t

s(e)

X

=

γ(t, e)φ(xt )

(9)

t

3.2. Convexity of L(θ) Since θ T s is linear in θ, to show that L(θ) is convex, it is enough to show that the log partition function, log Z(θ), is concave. The first and second derivatives are ∂ log Z ∂θ ∂Z ∂θ∂θ T

4.1. Basic Metropolis Sampling Algorithm The Metropolis procedure is 1. Choose a starting sample, x0 . 2. At iteration k, perturb xk = xk−1 + N (0, Σ) 3. Accept xk as the new sample with probability min(1, q) where T eθ φ(xk ) q = θ T φ(x ) k−1 e 4. If xk is accepted, it is the next sample. If it is rejected, use xk−1 as the next sample. Go to Step 2. The perturbation covariance Σ, used in Step 2, could be a function of the exponential model parameters θ. However, in this paper Σ was kept at a fixed diagonal covariance.

def

=

(10) Eθ [φ(x)] = G(θ) “ ”2 E[φ(x)φ(x)T ] − E[φ(x)]E[φT (x)]

=

Var[φ(x)].

=

(11)

Clearly, the co-variance is positive definite, so the Hessian is positive definite as well, which means the log partition function is concave as claimed.

4. Numerical Integration and Sampling For general exponential models, there is no analytic solution for maximizing L(θ) and we use gradient based numerical optimization methods. This requires us to compute L(θ) and its gradient s(e) − n(e)Eθ [φ(x)]. For L(θ), the tricky part is to compute the partition function Z(θ). As discussed in Neal [7], the partition function is often computed using a reference parameter value θ r which is sufficiently close to θ and Z(θ r ) is known. Z(θ) is computed as def

Ψ(θ, θ r ) =

Z(θ r ) = Z(θ)

Z

T

4.2. Hybrid Monte Carlo Sampling Algorithm Hybrid Monte Carlo is a very effective technique for sampling from distributions where the gradient of the density function with respect to the base observations can be efficiently computed. Our implementation, based largely on the description by Neal [7], is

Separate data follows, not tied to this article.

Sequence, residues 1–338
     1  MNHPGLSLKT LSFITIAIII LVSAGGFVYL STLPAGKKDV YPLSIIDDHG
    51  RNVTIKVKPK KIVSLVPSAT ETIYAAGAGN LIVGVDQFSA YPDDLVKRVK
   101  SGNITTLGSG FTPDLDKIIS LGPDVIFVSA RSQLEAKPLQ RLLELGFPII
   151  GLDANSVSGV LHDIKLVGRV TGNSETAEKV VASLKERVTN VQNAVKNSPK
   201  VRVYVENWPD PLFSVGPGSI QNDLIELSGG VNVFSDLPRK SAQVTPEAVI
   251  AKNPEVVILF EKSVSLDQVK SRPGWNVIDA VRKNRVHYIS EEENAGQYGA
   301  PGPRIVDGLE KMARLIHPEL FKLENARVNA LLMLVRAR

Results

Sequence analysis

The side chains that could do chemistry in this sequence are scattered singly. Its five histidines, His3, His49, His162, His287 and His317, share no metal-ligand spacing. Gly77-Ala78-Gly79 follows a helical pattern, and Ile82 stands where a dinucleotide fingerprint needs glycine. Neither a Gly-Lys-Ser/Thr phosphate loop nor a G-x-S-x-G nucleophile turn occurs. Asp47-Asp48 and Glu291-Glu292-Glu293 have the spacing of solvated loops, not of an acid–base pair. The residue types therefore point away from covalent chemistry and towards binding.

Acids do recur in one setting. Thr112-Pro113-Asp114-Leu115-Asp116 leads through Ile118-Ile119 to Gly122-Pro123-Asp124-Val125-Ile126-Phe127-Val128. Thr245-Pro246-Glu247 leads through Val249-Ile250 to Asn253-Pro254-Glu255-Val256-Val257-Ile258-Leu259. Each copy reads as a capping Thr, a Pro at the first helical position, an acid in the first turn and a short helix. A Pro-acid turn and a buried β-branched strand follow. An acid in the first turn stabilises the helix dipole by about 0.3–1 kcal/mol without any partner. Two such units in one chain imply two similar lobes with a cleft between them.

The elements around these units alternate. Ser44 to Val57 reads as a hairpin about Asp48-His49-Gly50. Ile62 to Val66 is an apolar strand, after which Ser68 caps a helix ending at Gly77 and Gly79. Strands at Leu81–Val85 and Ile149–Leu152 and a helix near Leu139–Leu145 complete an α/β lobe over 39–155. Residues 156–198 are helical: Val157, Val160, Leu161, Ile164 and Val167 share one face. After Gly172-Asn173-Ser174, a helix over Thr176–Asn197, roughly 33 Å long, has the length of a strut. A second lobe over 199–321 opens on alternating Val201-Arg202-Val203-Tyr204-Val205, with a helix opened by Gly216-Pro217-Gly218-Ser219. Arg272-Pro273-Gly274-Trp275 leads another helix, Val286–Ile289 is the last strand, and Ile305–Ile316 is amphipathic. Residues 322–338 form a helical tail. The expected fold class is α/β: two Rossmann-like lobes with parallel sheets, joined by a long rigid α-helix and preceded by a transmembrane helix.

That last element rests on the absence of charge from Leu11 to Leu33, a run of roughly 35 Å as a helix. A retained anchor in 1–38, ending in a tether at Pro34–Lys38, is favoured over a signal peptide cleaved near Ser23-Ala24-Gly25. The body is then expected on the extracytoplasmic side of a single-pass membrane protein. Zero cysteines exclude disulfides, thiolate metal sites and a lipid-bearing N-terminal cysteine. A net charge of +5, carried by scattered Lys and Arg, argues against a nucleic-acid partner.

T

eθ r φ(x) eθ φ(x) dx eθ T φ(x) Z(θ)

(12)

Algorithm: 1. Choose a starting sample, x0 , and starting momentum p0 ∼ N (0, I) 2. At iteration k, starting from (xk−1 , pk−1 ), take N leapfrog steps to compute (xk , pk ), as described in the following. 3. Accept xk with probability min(1, q) where

We define sufficient closeness of θ r and θ as T

sup{eθ r φ(x) − eθ

T

x

φ(x)

} ≤ th.

(13)

If θ is not sufficiently close to θ r , Z(θ) could be computed by taking small steps from θ r to θ Z(θ r ) Z(θ 1 ) Z(θ N ) Z(θ r ) = · ··· Z(θ) Z(θ 1 ) Z(θ 2 ) Z(θ)

q=

T

eθ φ(x) , Z(θ)

T N X eθ r φ(xi ) b N (θ, θ r ) = 1 Ψ(θ, θ r ) ≈ Ψ N i=1 eθ T φ(xi )

T

T

φ(xk )−0.5pT k pk T

eθ φ(xk−1 )−0.5pk−1 pk−1 4. If xk is accepted, it is the next sample. If it is rejected, use xk−1 as the next sample. Go to Step 2. Leapfrog steps: 1. Choose a direction s = +1 or −1, and a stepsize = s γ 2. Starting from (x, p) first take a half step of p p = p − ∇x (θ T φ(x)) 2 3. Next, take N − 1 steps of x and p

(14)

so that θ k and θ k+1 are sufficiently close. For low dimensional problems we can evaluate the integral in (12) using numerical integration, whereas for high dimensional problems (d > 3) we use sampling. If we draw samples {xi }N i=1 from P (x|θ) =

eθ

(15)

x p

Similarly, the expected value of φ(x), G(θ), can be approximated as N X bN (θ) = 1 G(θ) ≈ G φ(xi ) (16) N i=1

= =

x +p p − ∇x (θ T φ(x))

4. Finally, take a full step of x, as above, and a half step of p, as the first half step We also experimented with the special case with one leap frog step N = 1 per sample, known as Langevin Monte Carlo sampling.

The sampling approximations given in (15) and (16) are not the only possible approximations. An alternative for (15) would

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5. Exponential Families In This Paper

function of N , for Gaussian with variance 1.0. From this figure, we note that, as expected, samples drawn using Box-Muller are clearly better than any other method. Hybrid Monte Carlo is clearly the next best method.

Besides the multivariate diagonal Gaussians, we experimented with the following two exponential families. 5.1. Power Exponential Like Distribution

N(1.0,1.0)

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max error in expected feature value

For this model, we use the following features – » x φ(x) = α |x|